The nomads of Mongolia sustain their lives directly from the products of domesticated animals such as cattle, horses, camels, yaks, sheep, and goats, as well as game.
Meat is either cooked, used as an ingredient for soups and dumplings (buuz, khuushuur, bansh, manti), or dried for winter (borts). The Mongolian diet includes a large proportion of animal fat which is necessary for the Mongols to withstand the cold winters and their hard work. Winter temperatures are as low as −40 °C (−40 °F) and outdoor work requires sufficient energy reserves. Milk and cream are used to make a variety of beverages, as well as cheese and similar products.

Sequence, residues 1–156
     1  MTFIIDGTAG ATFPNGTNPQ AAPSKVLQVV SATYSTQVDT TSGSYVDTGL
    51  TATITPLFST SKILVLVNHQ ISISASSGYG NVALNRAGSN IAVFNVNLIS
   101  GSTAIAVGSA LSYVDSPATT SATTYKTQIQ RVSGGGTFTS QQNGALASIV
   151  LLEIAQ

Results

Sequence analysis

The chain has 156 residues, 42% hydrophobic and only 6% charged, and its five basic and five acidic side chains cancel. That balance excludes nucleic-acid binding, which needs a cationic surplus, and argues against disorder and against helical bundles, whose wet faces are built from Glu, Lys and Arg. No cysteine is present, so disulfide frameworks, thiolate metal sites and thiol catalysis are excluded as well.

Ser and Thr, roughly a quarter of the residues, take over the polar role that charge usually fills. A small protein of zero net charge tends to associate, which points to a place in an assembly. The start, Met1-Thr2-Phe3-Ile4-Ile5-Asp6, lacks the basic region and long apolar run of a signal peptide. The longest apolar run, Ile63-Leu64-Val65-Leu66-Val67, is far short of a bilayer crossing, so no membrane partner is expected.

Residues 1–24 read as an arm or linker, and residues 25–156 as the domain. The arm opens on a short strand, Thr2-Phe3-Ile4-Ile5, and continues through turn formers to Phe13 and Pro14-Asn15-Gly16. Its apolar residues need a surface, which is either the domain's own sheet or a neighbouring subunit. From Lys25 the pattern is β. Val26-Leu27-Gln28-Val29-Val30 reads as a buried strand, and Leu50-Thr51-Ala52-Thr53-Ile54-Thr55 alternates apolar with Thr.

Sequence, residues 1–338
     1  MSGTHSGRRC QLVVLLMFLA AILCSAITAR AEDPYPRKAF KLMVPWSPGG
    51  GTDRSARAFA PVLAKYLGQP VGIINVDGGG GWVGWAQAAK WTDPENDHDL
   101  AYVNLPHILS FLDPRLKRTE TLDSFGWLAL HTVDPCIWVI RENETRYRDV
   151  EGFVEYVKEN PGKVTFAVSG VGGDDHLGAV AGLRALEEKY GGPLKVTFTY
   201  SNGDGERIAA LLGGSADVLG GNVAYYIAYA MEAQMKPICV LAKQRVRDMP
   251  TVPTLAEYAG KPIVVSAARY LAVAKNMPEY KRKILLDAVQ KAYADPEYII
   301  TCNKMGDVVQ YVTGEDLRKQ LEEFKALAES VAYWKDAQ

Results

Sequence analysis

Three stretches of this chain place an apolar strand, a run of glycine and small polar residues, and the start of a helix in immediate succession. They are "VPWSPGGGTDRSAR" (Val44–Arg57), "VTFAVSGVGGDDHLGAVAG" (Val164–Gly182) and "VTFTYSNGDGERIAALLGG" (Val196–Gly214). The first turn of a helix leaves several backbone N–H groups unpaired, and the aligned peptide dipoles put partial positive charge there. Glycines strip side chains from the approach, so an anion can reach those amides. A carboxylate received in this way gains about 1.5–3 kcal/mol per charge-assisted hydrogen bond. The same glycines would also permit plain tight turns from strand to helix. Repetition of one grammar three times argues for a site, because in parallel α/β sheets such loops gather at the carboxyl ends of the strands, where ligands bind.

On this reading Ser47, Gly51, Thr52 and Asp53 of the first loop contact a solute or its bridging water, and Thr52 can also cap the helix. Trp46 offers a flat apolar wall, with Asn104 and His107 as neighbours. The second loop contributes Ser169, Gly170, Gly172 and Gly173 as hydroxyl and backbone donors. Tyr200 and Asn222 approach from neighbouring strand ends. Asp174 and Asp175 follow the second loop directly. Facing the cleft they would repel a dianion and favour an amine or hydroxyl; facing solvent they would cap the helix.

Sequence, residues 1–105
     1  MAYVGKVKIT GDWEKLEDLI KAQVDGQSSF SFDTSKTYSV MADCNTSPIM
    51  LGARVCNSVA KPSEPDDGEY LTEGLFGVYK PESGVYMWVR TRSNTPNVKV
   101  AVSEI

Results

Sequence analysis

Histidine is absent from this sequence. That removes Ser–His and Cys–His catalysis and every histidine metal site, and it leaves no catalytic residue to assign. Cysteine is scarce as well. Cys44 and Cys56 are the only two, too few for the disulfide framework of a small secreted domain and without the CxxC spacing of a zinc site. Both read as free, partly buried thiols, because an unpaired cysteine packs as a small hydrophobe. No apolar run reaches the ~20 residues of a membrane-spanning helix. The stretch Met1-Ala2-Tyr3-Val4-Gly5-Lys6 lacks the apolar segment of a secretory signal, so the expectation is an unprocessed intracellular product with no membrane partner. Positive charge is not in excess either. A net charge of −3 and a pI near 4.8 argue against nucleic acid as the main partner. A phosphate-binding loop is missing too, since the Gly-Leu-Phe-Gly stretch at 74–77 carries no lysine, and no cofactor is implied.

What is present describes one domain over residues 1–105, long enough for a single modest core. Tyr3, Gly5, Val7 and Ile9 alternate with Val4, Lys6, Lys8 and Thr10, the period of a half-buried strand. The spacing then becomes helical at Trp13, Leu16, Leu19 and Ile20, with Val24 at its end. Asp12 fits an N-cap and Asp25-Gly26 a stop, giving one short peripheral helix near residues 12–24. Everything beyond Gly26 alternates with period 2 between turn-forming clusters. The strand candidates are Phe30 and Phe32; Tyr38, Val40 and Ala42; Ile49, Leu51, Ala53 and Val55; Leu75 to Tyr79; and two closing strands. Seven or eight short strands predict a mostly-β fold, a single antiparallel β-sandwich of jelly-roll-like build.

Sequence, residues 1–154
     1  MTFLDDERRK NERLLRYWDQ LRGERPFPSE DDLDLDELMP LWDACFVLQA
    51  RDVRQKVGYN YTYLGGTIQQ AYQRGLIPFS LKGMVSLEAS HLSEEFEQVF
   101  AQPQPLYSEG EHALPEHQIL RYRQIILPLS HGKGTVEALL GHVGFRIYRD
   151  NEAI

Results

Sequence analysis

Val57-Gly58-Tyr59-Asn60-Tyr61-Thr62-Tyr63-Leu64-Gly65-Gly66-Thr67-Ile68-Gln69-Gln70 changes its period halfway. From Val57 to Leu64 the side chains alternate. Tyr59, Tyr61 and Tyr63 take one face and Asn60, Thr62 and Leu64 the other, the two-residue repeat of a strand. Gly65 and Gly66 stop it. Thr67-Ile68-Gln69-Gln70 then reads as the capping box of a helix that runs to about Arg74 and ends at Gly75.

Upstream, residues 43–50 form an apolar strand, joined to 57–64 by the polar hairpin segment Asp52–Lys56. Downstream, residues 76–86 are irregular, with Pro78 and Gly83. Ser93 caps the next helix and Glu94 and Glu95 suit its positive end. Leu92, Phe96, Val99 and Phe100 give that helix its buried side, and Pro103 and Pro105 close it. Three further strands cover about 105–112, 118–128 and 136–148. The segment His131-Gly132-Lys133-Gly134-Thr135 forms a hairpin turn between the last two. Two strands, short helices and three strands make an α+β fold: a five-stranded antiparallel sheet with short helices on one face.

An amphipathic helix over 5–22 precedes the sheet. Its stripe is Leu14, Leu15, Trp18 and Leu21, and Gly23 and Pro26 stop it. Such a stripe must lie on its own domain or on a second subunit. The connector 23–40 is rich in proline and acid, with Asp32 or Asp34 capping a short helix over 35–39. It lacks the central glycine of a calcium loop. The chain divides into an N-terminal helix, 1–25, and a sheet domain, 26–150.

The nomads on the countryside are self-supporting on principle. Travellers will find gers marked as guanz in regular intervals near the roadside, which operate as simple restaurants. In the ger, which is a portable dwelling structure (yurt is a Turkic word for a similar shelter, but the name is ger in Mongolian), Mongolians usually cook in a cast-iron or aluminum pot on a small stove, using wood or dry animal dung fuel (argal).